Friday, December 31, 2010

More Interest Rate Hikes against Inflation in 2011

What a Christmas gift!

On 25 December 2010, the Chinese central bank, People's Bank of China (PBoC), decided to raise domestic interest rates by 0.25% against inflation. It perfectly matches with our expectation stated in our article No More loose Monetary Policy.

Both the benchmark 1-year deposit and lending rates were raised by 0.25% to 2.75% and 5.81% respectively but, the increase in deposit rates for the other time durations is asymmetrically more than that in lending rates, thus attracting Chinese savers to put their money into time deposit accounts.

The timing of this interest rate hike also lets us believe that data insufficiency, as we suspected in our article Real Deposit Rate Exceeded -2%, was the main reason why the Chinese central bank did not raise interest rates immediately earlier this month.

At that moment China had just reported that CPI in November spiked up to an alarming level of +5.1% YoY but this figure definitely could not tell the degree of effectiveness of the those government administrative measures introduced in late November. After all, it is almost end-December now and the Chinese central bank should already know about the data representing impact of the government administrative measures.

We disagree with some speculators who say the Chinese central bank should rely on reserve requirement ratio (RRR) hikes rather than raising interest rates to fight against inflation. Those speculators may just ignore the difference between inflation and inflation expectation.

Reserve requirement ratio (RRR) hikes can mop up the excess liquidity in the monetary system but, it is only good for reducing inflation expectation. Actually its help on inflation is slim because it leaves the problem of negative real deposit rate unresolved.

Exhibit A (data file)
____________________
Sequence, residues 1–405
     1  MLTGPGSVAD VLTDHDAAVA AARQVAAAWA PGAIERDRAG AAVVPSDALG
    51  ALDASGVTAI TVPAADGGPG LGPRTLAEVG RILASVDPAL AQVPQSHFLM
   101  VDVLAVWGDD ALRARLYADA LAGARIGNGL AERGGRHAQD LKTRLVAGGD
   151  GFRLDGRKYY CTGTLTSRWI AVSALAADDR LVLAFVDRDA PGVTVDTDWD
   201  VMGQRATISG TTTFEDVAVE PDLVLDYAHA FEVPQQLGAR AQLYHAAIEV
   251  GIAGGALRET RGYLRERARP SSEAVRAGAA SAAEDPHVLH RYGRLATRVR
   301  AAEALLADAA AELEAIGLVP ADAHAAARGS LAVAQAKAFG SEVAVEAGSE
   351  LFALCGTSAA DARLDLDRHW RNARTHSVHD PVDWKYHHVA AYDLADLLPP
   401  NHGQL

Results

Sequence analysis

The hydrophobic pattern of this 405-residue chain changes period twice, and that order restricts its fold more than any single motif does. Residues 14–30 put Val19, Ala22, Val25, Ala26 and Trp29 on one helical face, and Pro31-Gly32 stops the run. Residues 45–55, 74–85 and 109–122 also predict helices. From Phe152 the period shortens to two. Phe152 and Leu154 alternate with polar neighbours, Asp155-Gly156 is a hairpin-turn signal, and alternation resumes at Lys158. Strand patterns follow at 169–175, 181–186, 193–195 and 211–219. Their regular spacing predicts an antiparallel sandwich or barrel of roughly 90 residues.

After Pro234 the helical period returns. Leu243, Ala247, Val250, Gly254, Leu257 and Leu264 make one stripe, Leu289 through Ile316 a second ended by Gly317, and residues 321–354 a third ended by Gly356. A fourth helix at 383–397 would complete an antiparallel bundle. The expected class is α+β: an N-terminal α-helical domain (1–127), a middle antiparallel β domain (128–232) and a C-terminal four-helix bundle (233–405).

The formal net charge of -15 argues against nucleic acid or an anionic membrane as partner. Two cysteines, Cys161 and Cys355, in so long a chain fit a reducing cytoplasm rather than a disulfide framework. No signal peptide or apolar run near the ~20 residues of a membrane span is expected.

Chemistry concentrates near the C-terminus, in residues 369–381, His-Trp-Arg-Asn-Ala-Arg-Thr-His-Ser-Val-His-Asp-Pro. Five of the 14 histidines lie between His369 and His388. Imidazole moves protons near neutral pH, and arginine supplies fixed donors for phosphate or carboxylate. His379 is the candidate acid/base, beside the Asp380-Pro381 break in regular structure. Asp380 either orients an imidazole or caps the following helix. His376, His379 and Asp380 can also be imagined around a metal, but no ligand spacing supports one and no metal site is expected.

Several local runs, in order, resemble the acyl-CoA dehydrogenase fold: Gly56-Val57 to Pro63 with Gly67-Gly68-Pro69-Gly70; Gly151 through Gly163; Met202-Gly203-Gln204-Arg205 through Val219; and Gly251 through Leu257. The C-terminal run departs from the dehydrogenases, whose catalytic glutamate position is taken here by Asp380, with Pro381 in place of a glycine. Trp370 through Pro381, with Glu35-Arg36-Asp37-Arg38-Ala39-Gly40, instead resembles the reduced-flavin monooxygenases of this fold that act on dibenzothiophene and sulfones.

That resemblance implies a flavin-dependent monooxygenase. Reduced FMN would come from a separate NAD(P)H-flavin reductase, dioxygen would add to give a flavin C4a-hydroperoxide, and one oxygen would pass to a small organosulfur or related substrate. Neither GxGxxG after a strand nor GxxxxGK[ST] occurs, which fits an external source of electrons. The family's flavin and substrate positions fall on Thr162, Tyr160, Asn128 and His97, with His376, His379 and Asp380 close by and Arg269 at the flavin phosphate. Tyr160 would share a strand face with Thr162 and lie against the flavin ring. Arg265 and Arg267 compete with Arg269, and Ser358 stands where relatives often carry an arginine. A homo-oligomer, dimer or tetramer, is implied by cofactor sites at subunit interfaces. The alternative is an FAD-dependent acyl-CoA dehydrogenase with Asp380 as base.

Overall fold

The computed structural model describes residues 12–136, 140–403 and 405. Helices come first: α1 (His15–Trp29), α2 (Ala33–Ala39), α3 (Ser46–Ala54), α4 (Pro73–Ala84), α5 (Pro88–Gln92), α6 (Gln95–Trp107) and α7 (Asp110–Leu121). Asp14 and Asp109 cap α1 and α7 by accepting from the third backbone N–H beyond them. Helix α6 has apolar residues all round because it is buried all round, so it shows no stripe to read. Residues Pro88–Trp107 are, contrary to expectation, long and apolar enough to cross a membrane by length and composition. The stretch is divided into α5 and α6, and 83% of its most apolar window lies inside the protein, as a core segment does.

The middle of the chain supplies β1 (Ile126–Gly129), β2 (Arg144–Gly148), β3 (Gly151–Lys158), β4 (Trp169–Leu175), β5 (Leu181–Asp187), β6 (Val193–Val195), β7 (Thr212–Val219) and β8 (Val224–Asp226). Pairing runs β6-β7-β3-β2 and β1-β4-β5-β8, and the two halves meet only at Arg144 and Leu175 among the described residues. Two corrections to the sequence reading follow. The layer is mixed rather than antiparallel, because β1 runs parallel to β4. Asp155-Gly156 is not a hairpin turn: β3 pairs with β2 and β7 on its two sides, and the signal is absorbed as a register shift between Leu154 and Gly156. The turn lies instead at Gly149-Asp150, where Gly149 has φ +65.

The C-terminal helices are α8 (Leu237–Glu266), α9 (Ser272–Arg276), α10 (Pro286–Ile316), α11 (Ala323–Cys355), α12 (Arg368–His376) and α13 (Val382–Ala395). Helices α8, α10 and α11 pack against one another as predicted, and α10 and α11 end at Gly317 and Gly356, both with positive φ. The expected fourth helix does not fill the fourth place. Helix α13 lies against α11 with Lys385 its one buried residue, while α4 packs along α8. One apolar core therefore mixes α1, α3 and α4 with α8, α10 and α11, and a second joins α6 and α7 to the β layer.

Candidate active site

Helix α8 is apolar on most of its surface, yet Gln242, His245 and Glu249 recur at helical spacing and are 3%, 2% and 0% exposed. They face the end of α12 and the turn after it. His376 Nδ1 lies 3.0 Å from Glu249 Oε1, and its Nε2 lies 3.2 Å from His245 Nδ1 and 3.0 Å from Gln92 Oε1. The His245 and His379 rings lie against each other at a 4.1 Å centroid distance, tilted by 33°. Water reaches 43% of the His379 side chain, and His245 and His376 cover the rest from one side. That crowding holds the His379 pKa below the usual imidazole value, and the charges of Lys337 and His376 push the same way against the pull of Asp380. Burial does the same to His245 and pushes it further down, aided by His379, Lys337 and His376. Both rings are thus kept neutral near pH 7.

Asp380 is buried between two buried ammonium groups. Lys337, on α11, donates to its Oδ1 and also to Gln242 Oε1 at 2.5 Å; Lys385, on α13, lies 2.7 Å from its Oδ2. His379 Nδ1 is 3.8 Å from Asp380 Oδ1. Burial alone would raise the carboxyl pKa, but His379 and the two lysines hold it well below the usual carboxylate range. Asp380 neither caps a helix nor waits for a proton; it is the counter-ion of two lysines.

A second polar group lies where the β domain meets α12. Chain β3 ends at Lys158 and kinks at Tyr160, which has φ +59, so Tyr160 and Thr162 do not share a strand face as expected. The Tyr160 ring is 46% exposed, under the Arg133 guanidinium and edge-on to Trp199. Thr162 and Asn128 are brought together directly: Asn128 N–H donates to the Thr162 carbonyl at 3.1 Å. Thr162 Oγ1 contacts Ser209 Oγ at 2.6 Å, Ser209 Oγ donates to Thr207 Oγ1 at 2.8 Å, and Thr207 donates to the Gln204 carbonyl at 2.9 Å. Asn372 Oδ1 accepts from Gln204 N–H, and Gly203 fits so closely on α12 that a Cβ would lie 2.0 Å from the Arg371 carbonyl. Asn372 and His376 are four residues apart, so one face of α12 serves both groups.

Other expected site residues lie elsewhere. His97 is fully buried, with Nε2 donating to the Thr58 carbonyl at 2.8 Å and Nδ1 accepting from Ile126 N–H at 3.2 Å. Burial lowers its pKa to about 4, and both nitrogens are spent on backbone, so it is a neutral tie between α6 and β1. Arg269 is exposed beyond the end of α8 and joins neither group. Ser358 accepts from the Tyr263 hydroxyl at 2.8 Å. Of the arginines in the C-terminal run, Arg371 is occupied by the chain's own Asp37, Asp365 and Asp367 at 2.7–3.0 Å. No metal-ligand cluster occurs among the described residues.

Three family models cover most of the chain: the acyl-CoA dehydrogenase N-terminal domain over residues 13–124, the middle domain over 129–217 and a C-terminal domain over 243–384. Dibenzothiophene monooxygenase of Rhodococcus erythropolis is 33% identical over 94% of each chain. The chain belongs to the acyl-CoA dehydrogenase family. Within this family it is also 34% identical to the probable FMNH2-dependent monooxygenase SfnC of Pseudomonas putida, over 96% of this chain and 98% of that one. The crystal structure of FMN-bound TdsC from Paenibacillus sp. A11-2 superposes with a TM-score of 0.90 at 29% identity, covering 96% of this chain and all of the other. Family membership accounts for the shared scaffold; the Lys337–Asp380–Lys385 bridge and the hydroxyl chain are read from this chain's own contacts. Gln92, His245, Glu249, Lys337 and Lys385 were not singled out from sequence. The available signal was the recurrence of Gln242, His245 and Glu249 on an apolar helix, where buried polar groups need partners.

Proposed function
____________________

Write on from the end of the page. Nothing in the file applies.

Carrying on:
A responsible central bank, of course, needs to handle the risks of both inflation and inflation expectation. In the X'mas day the Chinese central bank actually gives signal to the market that the importance of negative real deposit rate has to be a concern.

We expect more interest rate hikes against inflation in 2011 as the China real 1-year deposit rate still exceeds our warning level of -2% (now it is 2.75% - 5.1% = -2.35%).

As the timing to raise interest rates and the trend of negative real deposit rate depend, we will continue to monitor the China inflationary risk for you and present our findings whenever necessary.

Please stay focus on our Mr China website so that you may not be surprised by another PBoC interest rate hikes at a time possibly most people can hardly expect.

Related article(s):
Inflation Warning for China


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